Haila, A. (2008). From Annankatu to Antinkatu: Contracts, Development Rights and Partnerships in Kamppi, Helsinki. International Journal of Urban & Regional Research, 32(4), 804–814.
Mega-projects are usually analyzed as state-led public–private partnerships and iconic architecture aiming at branding the city and attracting tourists and global investors. This article adopts a different approach, analyzing the construction of Helsinki's Kamppi mega-project in terms of the politics of property as a process of creating and distributing rights –– property rights, development rights and use rights. Although the Kamppi project did not follow ordinary planning regulations, this did not mean that there was no regulation; on the contrary, there was more than usual, but through contracts rather than planning. Regulation through contracts denied citizens any voice and negated the celebrated provision for participation in Finland's reformed planning legislation. The Kamppi contracts also show that property rights are negotiated, alienated, compensated, struggled over and constructed. Citizens protested against the demolition of historic buildings, but overlooked the series of Kamppi contracts, which limited their rights and introduced a whole new system in which use rights are connected to ownership. Finally, the long duration of the Kamppi project meant that many people also overlooked the privatization of formerly public space.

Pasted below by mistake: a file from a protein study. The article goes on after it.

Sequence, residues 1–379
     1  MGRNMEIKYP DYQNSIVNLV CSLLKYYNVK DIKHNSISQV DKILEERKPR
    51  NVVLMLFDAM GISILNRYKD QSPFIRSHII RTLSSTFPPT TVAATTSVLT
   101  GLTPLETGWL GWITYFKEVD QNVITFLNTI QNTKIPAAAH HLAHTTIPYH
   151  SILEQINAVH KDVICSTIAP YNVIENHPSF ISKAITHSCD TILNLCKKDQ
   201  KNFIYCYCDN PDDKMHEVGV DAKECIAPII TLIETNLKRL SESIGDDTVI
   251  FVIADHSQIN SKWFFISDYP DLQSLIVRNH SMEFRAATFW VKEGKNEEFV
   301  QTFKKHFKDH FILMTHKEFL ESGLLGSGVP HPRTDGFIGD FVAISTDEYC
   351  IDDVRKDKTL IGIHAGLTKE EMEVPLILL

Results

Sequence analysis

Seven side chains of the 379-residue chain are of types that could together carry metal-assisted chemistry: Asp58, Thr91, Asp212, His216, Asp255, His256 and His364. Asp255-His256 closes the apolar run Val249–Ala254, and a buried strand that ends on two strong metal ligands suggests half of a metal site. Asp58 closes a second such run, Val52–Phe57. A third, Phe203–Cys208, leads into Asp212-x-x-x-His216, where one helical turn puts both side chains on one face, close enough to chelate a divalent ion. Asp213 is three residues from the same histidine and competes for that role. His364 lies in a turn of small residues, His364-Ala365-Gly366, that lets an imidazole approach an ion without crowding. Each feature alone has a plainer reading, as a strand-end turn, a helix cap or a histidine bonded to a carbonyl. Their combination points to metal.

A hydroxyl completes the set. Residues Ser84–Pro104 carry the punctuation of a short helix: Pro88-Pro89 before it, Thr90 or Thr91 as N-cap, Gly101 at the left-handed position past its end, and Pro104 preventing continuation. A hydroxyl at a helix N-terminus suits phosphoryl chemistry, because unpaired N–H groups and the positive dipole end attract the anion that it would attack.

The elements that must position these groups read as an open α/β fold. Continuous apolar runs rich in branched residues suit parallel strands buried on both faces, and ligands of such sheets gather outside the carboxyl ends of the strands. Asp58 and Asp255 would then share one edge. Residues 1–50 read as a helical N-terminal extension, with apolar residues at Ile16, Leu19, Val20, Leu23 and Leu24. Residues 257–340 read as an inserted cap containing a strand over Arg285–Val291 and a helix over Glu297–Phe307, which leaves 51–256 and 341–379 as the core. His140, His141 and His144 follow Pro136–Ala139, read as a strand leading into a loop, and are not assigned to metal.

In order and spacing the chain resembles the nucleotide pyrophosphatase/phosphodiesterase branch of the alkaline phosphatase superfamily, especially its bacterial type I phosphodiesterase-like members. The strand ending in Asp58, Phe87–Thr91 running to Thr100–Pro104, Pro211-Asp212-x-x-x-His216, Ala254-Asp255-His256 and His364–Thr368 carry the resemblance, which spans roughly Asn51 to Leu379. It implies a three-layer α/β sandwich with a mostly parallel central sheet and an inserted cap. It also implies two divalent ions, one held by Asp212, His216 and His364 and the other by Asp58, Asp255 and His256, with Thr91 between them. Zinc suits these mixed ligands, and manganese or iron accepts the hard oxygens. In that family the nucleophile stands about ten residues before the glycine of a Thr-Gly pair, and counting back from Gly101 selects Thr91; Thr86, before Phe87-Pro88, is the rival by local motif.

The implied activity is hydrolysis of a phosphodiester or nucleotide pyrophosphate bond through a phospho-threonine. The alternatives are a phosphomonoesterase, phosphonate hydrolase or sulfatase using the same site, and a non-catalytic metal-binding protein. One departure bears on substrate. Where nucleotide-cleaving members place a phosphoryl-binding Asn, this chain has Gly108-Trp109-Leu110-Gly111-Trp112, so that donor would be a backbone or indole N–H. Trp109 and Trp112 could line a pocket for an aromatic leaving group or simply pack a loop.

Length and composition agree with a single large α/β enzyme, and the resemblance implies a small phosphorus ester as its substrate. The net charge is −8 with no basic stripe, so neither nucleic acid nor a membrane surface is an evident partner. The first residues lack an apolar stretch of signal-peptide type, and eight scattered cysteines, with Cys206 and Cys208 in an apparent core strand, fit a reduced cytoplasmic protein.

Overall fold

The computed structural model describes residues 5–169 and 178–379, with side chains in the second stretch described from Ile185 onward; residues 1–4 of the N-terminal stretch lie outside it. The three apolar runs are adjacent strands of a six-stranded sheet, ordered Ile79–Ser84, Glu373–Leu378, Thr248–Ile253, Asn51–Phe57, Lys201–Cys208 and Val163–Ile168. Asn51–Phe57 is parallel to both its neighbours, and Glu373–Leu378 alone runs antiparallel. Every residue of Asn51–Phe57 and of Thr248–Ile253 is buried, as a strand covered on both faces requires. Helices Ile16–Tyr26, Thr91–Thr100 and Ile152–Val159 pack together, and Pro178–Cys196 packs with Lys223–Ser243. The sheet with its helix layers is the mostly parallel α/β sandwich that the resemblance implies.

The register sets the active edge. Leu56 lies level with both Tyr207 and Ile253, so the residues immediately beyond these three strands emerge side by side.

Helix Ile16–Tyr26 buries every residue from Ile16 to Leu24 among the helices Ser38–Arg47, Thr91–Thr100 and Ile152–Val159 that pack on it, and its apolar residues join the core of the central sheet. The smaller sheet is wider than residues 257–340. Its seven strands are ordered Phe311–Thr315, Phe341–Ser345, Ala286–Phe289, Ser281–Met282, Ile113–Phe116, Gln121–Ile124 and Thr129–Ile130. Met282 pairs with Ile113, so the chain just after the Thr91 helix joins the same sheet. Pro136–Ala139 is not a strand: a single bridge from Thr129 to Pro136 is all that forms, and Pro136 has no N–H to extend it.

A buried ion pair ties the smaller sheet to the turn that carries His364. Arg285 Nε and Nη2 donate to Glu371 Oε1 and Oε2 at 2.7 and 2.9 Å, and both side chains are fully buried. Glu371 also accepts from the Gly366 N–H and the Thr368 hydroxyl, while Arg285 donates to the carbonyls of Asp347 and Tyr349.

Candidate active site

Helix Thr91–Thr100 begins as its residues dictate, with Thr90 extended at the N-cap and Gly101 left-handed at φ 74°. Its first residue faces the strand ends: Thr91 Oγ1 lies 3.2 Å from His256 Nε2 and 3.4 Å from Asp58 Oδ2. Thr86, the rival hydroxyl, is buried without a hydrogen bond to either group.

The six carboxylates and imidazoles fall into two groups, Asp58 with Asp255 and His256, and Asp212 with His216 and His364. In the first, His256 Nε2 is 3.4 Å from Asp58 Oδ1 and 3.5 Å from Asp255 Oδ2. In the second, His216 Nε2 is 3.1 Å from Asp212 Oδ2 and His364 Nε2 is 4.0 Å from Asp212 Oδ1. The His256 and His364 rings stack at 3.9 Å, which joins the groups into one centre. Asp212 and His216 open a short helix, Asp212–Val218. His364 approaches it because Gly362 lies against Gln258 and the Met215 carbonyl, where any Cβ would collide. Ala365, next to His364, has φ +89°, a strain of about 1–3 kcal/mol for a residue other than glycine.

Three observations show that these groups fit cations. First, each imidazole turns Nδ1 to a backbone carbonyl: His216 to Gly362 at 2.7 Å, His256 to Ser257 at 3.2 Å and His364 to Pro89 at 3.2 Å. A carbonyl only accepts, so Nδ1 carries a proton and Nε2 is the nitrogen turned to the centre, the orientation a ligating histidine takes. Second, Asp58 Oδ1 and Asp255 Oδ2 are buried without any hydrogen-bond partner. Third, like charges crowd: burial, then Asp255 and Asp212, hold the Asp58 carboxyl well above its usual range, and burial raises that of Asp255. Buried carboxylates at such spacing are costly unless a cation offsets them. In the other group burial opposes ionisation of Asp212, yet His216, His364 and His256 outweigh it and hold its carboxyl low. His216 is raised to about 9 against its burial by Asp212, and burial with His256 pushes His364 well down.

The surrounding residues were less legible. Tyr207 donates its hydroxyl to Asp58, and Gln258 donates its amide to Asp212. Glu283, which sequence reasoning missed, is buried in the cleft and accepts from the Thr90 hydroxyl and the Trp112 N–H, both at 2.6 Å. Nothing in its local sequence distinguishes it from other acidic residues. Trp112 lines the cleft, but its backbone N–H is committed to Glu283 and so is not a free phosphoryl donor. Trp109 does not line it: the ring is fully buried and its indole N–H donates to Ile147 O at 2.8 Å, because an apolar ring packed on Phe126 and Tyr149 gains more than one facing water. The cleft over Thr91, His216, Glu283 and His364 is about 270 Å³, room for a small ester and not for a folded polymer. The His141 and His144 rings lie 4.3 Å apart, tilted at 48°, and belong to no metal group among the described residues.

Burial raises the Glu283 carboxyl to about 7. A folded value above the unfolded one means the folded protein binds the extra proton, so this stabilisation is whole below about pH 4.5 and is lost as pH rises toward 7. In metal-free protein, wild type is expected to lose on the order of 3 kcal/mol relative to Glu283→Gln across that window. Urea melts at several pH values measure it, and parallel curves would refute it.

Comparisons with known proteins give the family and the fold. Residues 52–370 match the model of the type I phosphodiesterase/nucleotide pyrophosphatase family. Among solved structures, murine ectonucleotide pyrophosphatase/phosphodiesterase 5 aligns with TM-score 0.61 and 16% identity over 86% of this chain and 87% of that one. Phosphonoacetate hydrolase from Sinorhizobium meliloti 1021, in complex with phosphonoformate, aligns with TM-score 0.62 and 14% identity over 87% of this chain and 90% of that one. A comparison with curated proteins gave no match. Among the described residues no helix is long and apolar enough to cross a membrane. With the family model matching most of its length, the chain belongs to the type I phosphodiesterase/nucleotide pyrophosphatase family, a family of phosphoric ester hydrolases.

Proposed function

The author emphasizes the socially-constructed nature of property ownership in the context of Finland’s entrepreneurial system of real estate management and Helsinki’s urban renewal. In tracing the contracts and deals, conducted among various entities, over land ownership and development rights of an office building (Kamppi project) which bisects a public road - crucial aspects were uncovered. The planning law and any citizen participation was made redundant since democratization is diminished when deals are done mainly through multiple contracts. Additionally, the contracts extend from ownership and development rights to include use rights while denying any legitimate form of conflict or overlapping claims by others. Lastly, the long-term, phased nature of the project contributed to its legitimacy and blurring the origin of initial ownership - it was a public street. In sum, the author argues that a negative effect of contracts is the idea that use rights are fixed by ownership.
Description of method used in the article
The author conducted an analysis of contracts for property ownership, development rights, and use in addition to research conducted regarding the history of the system of Finland’s state and city real estate management.
Of practical use